Dr. Hany Besada
Senior Research Fellow | United Nations University - Institute for Natural Resources in Africa, UN
Dr. Hany Besada is Senior Research/Programme Advisor at the United Nations Office for South-South Cooperation (UNOSSC). He is also a Non-Resident Senior Research Fellow with the United Nations University-Institute for Natural Resources in Africa (UNU-INRA); Senior Fellow, Bill Graham Centre for Contemporary International History, University of Toronto and Research Fellow, China Institute for South-South Cooperation in Agriculture (CISSCA), China Agriculture University. Until recently, he was Research Professor, Institute of African Studies, Carleton University and Senior Fellow, Columbia Centre on Sustainable Investment (CCSI), Columbia University. Previously, he served as Deputy Executive Director at the Diamond Development Initiative (DDI); Regional Advisor, African Minerals Development Centre (AMDC) at the United Nations Economic Commission for Africa (UNECA); Theme Leader: Governance of Natural Resources at the North-South Institute (NSI); Research Specialist on the United Nations Secretary General’s High-Level Panel Secretariat on the Post 2015 Development Agenda, UN University Institute for Natural Resources in Africa; Program Leader and Senior Researcher at the Centre for International Governance Innovation (CIGI) in Waterloo, Canada; Principle Researcher: Business in Africa at the South African Institute of International Affairs (SAIIA) in Johannesburg, South Africa; and Policy Advisor for the South African Ministry of Local and Provisional Government. Dr. Besada is the author of more than 80 peer-reviewed scholarly journal papers, dozens of policy papers, over 70 opinion pieces and editor/author of 15 books. He holds a PhD in Politics and International Studies from the University of Warwick in the United Kingdom.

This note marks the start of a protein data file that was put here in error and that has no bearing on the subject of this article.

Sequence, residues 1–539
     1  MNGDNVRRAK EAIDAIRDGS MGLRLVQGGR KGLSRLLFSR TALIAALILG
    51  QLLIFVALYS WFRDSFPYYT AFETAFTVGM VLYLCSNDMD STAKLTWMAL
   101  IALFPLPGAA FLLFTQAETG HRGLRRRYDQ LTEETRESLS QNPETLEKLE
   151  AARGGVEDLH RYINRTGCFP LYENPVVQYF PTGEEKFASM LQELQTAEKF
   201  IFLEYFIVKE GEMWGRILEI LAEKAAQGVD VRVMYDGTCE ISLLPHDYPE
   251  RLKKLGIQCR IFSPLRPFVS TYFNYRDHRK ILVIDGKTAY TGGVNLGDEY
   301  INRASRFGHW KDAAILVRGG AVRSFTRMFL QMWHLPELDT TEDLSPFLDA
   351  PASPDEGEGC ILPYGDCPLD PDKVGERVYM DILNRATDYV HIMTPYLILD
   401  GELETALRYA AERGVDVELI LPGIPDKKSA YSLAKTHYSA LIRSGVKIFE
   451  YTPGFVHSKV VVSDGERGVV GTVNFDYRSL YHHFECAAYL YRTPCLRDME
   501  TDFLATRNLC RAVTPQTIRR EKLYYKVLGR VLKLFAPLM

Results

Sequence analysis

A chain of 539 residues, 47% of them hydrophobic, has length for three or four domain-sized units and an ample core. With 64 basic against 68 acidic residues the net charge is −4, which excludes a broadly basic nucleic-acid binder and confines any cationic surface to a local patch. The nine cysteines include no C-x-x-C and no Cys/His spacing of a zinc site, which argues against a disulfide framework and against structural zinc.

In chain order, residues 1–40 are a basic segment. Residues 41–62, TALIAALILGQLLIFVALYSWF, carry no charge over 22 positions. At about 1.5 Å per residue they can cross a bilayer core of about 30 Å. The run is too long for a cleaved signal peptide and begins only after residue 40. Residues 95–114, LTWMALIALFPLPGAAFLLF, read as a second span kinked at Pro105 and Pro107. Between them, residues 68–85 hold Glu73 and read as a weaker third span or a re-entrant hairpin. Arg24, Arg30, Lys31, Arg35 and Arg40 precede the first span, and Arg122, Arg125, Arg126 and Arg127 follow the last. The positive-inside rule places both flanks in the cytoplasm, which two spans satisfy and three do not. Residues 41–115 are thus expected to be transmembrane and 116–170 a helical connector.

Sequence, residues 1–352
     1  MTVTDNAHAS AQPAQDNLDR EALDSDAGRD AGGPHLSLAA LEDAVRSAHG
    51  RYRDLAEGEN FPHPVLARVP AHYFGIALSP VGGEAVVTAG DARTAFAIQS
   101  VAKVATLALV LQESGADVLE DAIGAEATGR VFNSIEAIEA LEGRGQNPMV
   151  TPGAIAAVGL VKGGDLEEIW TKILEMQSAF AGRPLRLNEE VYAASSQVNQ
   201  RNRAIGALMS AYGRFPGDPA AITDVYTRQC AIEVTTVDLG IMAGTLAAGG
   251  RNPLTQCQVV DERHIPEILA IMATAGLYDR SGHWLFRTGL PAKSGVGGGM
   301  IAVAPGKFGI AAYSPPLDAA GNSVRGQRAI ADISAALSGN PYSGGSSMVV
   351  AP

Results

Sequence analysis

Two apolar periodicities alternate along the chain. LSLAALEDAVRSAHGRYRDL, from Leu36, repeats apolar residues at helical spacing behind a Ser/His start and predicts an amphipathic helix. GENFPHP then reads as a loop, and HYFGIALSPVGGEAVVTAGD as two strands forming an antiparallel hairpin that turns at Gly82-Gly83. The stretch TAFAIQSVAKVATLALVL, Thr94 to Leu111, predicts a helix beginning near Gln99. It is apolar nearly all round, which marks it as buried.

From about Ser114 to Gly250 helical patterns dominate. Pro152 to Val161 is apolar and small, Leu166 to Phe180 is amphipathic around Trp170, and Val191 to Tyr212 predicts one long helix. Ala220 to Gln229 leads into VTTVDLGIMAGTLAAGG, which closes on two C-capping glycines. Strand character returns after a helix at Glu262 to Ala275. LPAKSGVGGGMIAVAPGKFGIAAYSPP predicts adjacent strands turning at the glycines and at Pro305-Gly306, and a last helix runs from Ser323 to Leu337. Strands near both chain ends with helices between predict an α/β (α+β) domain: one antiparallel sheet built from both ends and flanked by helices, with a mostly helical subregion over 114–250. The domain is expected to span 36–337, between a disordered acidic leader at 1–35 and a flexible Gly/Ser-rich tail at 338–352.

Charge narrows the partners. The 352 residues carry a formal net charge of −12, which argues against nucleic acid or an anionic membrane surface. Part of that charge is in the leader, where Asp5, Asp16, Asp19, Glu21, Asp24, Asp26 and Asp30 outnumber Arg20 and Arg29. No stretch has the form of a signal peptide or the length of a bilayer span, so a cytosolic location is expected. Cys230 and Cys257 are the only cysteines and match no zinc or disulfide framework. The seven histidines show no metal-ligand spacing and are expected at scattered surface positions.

Artisanal and Small Scale Diamond Mining
A country's abundant natural resources may serve as a curse or a blessing, with the outcome often dependent on prevailing governance structures and experience managing these assets. Despite natural resource advantages, many African countries have failed to transform their enormous economic potential and wealth into tangible benefits such as sustainable socio-economic development, human security, or peace. Governance, Conflict, and Natural Resources in Africa reevaluates the role that foreign state-owned and private-sector actors play in resource-rich states - whether stable, post-conflict, or fragile - in sub-Saharan Africa. Through research and a analysis of in-depth interviews with local stakeholders in Ghana, Sierra Leone, and Ethiopia, the publication assesses how foreign state-owned and private-sector corporations have contributed to economic growth at both the national and local levels in different resource-rich countries. This book reveals the unique challenges and opportunities created by these investors, demonstrating that new policies in business practices and operations have the potential to generate sustainable development and positive economic transformation.
Governance, Conflict, and Natural Resources in Africa puts forward a conceptual framework for understanding the role of private economic actors in extractive industries in Africa and sheds new light on foreign private-sector contributions to capacity building and economic development.